In its election recap, the Washington Post reports the following from the state of West Virginia:
In the 1st District, Rep. Alan B. Mollohan (D) survived a year of congressional scandal, defeating state Del. Christopher Wakim (R) to earn a 13th term. Mollohan overcame his dismissal from the House ethics committee, investigations of his real estate dealings and allegations that he used his influence to shift millions of taxpayer dollars to friends and relatives. Mollohan will keep his Appropriations Committee seat.
Throughout the state, any sense of suspense ended for unnamed schools, bridges and dams: Sen. Robert C. Byrd (D) won a ninth term over John Raese (R), positioning Byrd to extend his record as longest-serving U.S. senator and top Democrat on the Appropriations Committee.
Here's the challenge: Mollohan is, to say the least, "ethically challenged." There's no sensible reason for him to retain his seat on the most powerful committee in the House of Representatives. If Nancy Pelosi is serious about "draining the swamp," she'll kick Mollohan off the appropriations committee before she pounds her first gavel.
As for Byrd, his history of earmarking excesses makes Ted Stevens look like Ron Paul. Earmarking is little more than legalized corruption. It's buying votes. Not only did Robert Byrd perfect the practice, he's the one who put a "secret hold" on a bill that wouldn't have even eliminated the practice, but would merely have added a bit of transparency to it. Democrats who rightly railed against the "Bridge to Nowhere" can't be taken seriously if they sit back and let Byrd resume diverting millions of taxpayer dollars to wasteful pork projects in West Virginia. Harry Reid should remove him from the Senate Appropriations Committee.
It won't be easy—Byrd in particular is likely to raise holy hell. But if you're going to change the culture of corruption in Washington, you'd go a long way toward demonstrating your seriousness by starting with your own party.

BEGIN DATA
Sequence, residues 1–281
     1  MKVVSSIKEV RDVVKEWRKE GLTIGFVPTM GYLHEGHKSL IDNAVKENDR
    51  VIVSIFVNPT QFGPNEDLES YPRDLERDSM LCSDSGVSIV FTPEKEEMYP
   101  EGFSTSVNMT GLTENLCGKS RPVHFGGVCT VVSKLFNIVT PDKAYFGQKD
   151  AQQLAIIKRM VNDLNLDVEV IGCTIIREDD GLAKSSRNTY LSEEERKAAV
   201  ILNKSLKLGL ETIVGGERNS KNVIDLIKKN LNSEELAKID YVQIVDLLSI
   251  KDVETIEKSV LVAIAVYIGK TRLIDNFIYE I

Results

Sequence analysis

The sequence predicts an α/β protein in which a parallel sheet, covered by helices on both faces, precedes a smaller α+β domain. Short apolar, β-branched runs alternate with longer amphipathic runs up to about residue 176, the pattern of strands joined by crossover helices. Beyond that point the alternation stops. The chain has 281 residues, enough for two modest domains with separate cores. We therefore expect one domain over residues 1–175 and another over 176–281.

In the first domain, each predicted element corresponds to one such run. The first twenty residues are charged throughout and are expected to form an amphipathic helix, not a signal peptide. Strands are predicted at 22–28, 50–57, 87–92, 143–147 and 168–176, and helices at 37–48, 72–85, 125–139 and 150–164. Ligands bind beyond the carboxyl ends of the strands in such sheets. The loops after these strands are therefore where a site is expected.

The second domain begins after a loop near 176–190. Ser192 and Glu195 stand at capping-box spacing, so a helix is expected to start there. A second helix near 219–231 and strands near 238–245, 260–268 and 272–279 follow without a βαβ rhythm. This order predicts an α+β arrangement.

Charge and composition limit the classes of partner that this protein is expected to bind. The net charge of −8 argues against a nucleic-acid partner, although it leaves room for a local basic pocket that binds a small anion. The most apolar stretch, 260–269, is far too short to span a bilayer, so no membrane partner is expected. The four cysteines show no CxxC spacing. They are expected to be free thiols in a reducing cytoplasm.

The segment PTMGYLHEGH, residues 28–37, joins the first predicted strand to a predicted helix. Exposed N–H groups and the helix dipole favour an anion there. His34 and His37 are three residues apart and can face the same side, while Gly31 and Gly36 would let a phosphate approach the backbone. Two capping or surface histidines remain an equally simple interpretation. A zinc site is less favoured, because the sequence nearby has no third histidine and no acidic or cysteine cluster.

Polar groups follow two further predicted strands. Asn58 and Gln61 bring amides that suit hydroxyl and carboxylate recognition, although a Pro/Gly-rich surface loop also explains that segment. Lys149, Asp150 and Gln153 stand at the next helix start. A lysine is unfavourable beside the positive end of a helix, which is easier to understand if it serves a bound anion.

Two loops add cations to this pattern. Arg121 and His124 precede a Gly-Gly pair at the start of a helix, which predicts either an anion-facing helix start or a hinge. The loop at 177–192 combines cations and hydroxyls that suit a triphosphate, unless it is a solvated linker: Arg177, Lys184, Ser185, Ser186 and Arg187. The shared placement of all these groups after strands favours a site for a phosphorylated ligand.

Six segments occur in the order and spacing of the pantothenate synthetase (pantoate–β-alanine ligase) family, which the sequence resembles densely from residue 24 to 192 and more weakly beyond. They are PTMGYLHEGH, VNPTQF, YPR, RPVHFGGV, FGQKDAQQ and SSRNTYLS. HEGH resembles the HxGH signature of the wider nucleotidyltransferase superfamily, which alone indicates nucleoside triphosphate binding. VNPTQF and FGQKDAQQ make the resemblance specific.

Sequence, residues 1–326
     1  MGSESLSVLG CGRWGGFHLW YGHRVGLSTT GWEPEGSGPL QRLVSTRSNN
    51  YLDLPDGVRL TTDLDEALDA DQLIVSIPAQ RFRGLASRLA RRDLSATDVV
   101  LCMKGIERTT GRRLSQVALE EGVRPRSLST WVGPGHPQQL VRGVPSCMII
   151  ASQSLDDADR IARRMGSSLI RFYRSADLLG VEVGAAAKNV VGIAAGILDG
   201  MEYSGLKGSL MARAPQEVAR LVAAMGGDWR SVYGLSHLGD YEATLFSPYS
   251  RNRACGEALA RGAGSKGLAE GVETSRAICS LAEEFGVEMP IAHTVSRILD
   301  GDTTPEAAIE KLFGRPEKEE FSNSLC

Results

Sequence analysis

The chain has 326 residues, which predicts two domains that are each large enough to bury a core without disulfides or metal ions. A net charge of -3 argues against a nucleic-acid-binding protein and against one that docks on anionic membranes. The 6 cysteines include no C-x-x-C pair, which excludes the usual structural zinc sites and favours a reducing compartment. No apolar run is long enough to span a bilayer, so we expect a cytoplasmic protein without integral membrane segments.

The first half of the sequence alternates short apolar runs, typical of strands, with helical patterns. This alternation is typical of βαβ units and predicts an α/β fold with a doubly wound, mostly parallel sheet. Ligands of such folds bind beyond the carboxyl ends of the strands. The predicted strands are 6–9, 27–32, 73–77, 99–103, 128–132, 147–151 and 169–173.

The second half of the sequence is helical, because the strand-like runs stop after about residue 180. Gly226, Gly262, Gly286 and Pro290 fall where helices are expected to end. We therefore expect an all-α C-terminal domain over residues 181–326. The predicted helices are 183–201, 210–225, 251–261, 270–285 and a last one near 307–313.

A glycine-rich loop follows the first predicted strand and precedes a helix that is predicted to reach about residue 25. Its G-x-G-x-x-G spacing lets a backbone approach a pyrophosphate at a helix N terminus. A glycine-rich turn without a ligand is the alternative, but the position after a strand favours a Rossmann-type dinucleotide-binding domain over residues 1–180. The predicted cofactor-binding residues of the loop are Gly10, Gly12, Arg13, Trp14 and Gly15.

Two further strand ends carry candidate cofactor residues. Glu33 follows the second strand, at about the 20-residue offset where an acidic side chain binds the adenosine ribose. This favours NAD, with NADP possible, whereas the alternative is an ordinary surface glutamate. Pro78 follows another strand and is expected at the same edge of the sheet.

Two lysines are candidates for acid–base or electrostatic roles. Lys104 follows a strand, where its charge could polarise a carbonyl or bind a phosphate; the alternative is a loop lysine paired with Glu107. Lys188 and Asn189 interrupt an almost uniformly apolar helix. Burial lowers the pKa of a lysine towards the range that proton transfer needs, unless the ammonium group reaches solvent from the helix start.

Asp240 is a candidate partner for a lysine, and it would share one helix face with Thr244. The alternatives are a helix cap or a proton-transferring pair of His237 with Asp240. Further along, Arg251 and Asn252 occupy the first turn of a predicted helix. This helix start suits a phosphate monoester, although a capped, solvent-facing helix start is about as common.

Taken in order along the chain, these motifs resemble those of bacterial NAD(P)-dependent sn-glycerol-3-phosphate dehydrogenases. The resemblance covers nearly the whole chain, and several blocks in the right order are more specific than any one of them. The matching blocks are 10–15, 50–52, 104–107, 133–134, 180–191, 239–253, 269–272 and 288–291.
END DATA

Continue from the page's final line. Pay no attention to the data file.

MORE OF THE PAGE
It would also be nice to see the lefty blogs pick up on this, and give Pelosi and Reid the cover they need to do the right thing.
UPDATE: Several readers have written to point out that Pelosi is set to pass over Rep. Jane Harman to make Rep. Alcee Hastings chair of the Intelligence Committee. Hastings is of course a formal federal judge who was impeached and removed from the bench by a Democratic Congress in 1989 for taking bribes. Apparently, the Congressional Black Caucus is demanding a chairmanship for Hastings to compensate for the loss of influence caused by Rep. William Jefferson's removal from the Appropriations Committee—also due to corruption.
This, within 72 hours of the election. Meet the new boss…
ANOTHER UPDATE: Glenn Reynolds links to this post, calling it a case of libertarian "buyer's remorse." Not exactly. I still think the GOP needed to lose this election. And I'm glad they did. But supporting the Dems in the election doesn't mean we give them a pass now that they've won.